In Cannes 2015, Jacques Audiard returned to the festival with his latest film, Dheepan. The film was a success and stormed to the top and was given the highest award – the Palme d’Or. The competition was fierce and the announcement was met with a mix of acceptance and shock, but such is the temperament of the festival.
Dheepan is focused on the lives of three Sri Lankan Tamil refugees who flee the war there, but do so under the passports of another family. The three strangers end up in France and have to pretend to be a perfect family despite knowing little about each other. Whilst this does sound like a premise for a comedy (and there are some comedic moments), the piece is sombre and meditative on the themes of loss, love, and life in a foreign country.
Dheepan is the title character (Jesuthasan Antonythasan), a former Tamil Tiger who flees his home country to avoid persecution. He takes with him Yalini (Kalieaswari Srinivasan), a young woman who wants nothing better than to escape to her sister in London and is frustrated to be trapped in France until their asylum is granted. Their ‘daughter’ Illayaal (Claudine Vinasithamby) finds adjusting to France the hardest, enrolling in a new school with new parents; she’s frightened but is just as determined to not to return home.
In France, the family are given a home on an estate and Dheepan becomes the primary caretaker. The tour of the area points out the local gang who run things – police are nowhere to be seen even when guns are fired into the night. The family of frauds attempt to exist in France, negotiating work, language and the gangs as best they can with varied results. Dheepan is resourceful and has a remarkable hand for ingenuity, taking to his new job as caretaker with gusto. It’s satisfying to see him build a tool box out of discarded materials, similar to how he’s building a life with strangers.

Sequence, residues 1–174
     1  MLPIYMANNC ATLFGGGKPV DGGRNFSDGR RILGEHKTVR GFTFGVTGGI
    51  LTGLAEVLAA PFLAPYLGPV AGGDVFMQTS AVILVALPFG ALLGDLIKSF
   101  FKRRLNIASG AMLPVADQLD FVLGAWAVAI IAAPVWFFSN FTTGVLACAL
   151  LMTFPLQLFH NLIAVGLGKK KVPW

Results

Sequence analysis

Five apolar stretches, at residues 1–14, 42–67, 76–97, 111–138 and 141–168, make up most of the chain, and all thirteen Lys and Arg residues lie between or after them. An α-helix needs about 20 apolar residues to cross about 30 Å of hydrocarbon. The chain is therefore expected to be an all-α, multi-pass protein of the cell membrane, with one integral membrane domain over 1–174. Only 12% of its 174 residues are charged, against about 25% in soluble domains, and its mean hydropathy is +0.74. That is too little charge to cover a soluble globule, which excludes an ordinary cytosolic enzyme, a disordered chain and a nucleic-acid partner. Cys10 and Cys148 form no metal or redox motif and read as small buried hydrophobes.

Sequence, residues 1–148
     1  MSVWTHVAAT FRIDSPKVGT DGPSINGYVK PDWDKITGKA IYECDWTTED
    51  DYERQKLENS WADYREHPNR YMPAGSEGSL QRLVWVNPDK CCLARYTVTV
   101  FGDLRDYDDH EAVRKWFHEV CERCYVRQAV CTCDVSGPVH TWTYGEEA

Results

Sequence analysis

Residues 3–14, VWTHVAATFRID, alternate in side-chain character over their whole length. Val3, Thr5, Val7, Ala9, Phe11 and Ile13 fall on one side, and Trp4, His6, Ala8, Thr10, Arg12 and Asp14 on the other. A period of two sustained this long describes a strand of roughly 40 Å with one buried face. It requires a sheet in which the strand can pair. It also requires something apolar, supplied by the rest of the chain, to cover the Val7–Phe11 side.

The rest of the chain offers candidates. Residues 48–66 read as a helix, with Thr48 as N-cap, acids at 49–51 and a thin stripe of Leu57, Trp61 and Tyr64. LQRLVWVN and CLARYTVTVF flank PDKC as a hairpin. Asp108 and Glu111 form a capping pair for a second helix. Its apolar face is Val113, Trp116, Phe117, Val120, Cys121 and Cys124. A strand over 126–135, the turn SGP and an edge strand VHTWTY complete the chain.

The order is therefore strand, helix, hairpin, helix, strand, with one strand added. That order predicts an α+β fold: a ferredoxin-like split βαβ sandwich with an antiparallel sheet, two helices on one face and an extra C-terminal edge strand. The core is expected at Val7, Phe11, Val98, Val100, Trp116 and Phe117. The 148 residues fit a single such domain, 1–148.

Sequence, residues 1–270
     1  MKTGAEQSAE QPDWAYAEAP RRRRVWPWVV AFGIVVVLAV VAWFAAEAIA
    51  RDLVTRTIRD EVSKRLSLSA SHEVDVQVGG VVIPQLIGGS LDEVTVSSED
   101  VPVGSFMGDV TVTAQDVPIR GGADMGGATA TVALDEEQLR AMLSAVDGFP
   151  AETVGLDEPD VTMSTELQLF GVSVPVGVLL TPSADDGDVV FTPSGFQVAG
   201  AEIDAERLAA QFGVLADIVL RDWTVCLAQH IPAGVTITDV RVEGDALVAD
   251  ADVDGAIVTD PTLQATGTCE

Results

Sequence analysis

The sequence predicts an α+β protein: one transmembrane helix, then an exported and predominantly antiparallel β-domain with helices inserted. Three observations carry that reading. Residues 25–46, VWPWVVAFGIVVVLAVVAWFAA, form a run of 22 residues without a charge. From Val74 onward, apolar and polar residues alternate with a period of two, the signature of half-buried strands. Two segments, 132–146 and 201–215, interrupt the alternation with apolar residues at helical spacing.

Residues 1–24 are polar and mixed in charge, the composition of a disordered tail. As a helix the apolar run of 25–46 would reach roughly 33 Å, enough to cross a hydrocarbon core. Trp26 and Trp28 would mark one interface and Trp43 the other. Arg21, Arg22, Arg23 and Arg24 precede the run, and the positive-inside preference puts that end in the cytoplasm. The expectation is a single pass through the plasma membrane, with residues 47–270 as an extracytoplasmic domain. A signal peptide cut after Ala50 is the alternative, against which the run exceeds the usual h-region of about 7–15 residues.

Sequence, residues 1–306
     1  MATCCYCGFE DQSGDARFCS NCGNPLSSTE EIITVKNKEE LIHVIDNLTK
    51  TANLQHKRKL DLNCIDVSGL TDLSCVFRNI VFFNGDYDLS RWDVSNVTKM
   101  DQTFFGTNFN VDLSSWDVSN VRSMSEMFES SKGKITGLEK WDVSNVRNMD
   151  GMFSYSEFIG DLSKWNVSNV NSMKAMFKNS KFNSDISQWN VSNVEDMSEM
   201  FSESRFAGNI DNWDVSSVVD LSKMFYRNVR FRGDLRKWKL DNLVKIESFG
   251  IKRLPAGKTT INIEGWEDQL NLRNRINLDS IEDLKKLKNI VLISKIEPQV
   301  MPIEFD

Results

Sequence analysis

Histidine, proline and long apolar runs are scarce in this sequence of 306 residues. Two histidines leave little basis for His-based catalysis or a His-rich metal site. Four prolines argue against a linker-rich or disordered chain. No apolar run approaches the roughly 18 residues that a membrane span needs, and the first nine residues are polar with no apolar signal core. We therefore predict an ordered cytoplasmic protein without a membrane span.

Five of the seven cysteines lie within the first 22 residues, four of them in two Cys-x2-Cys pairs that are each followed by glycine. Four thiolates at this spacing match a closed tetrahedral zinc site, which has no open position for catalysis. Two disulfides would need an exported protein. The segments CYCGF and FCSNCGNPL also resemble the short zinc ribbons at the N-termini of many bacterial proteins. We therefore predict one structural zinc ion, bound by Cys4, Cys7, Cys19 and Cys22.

Audiard cut the film with long shots that look set to show something positive before cutting at the last second to another hurdle that threatens the trio’s peaceful existence. The film looks like the colour has been drained, to re-enforce the dourness of the situation even more than it was thought possible; the only bright lights are from the fireworks and cheap toys Dheepan sells in the heart of Paris from time to time.
While the ‘family’ tries to adjust, it is Yalini who yearns for more freedom. Having escaped her country she now wants to escape her family, even at the risk of exposing their fraud. Living in France she feels cut off from other people but witnesses the freedom they have, eyeing up the tight clothes and make-up she doesn’t have.
The estate grows more and more dangerous as time goes on. As things heat up the family feel surrounded and it looks like the war that they fled has found them again. This leads to a thrilling conclusion that has been building since the film began, but still feels over the top in some respects. Some may feel betrayed by the ending which some may find too optimistic, considering the past two hours of the movie suggesting the complete opposite. Despite this, it is a wildly good film that is gripping and draws you in, giving an insight into a refugee’s life not often explored.
Words by Sunny Ramgolam